citizenship behaviour                    .54 *       7.22


Psychological climate [??] affective
  commitment                            H1 accepted
Affective commitment a organizational
  citizenship behaviour                 H2 accepted

* P [less than or equal to] .01

Table 3: Fit Indices

                    Normed /2      GFI         TLI         NFI

Proposed Model         2.59        .87         .86         .82
Independent Model     12.67        .37         .00         .00

                       CFI        AGFI        PGFI        RMSEA

Proposed Model         .88         .83         .69         .07
Independent Model      .00         .31         .34         .18

Table 4: Analysis of Affective Commitment as a Mediator

                  Whether (direct   Whether (direct   Results of the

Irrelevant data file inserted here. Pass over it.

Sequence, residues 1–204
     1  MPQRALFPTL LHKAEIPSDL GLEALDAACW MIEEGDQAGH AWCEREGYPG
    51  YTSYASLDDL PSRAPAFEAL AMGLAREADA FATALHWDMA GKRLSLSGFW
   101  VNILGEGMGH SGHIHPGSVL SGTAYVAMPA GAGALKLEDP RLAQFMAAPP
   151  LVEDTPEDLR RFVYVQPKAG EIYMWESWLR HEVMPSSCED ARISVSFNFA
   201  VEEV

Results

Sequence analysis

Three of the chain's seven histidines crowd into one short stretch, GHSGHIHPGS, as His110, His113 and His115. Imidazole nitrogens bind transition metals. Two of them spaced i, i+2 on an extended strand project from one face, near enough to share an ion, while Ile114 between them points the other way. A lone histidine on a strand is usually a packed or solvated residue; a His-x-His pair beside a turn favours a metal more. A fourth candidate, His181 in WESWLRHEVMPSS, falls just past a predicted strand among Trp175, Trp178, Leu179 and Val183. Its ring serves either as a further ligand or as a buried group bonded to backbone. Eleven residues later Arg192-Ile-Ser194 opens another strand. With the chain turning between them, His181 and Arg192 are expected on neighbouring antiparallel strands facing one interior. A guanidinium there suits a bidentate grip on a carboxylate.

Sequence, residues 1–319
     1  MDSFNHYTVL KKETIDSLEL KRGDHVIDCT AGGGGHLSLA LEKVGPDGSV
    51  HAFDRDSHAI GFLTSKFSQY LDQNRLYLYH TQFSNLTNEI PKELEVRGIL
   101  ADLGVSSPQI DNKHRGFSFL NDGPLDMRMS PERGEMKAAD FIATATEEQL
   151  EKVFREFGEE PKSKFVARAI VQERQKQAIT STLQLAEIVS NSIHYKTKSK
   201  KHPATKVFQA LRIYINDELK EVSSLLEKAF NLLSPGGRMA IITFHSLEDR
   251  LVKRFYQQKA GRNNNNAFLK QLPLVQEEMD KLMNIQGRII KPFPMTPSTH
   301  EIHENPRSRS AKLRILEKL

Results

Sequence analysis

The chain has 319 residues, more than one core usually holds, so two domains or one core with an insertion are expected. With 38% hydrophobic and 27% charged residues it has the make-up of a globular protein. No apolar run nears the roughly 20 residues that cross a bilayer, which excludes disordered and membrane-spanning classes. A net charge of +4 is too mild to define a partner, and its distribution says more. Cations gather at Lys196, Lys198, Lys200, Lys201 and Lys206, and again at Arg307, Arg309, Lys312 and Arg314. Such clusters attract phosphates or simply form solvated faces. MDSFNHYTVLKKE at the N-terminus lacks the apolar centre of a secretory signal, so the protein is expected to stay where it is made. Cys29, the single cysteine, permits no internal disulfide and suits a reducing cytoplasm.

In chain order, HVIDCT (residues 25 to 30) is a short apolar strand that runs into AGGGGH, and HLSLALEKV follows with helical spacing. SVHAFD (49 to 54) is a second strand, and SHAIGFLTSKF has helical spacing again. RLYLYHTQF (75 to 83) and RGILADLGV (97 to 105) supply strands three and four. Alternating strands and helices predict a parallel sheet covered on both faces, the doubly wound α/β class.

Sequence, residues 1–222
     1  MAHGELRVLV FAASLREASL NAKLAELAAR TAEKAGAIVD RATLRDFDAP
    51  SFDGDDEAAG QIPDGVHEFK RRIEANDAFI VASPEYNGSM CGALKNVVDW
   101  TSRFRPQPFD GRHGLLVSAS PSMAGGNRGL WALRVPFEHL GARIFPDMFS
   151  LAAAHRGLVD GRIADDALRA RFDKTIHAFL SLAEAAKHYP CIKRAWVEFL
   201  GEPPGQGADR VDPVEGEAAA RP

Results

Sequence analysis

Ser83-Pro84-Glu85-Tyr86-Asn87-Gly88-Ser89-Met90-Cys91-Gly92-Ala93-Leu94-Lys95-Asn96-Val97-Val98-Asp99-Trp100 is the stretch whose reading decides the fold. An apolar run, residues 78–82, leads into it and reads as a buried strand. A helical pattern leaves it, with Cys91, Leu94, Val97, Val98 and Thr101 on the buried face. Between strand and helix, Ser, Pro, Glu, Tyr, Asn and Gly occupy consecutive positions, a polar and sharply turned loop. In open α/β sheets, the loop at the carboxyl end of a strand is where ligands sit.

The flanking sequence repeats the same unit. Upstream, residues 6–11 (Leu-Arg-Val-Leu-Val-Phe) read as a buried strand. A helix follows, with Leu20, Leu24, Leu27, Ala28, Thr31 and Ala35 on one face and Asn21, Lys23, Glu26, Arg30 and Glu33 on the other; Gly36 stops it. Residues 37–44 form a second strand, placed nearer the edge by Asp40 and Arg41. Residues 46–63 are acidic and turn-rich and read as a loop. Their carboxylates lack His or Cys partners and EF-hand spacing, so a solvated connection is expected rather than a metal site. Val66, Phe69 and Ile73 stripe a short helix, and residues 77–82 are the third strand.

path) > (direct     path under         mediator
                    path under         mediated          analysis
                     mediated        condition) is
                    condition)?      significant?

climate [right          NO                YES            Affective
arrow]                                                commitment is a
affective                                              full mediator
[right arrow]
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Author:Biswas, Soumendu
Publication:Indian Journal of Industrial Relations
Geographic Code:9INDI
Date:Jan 1, 2010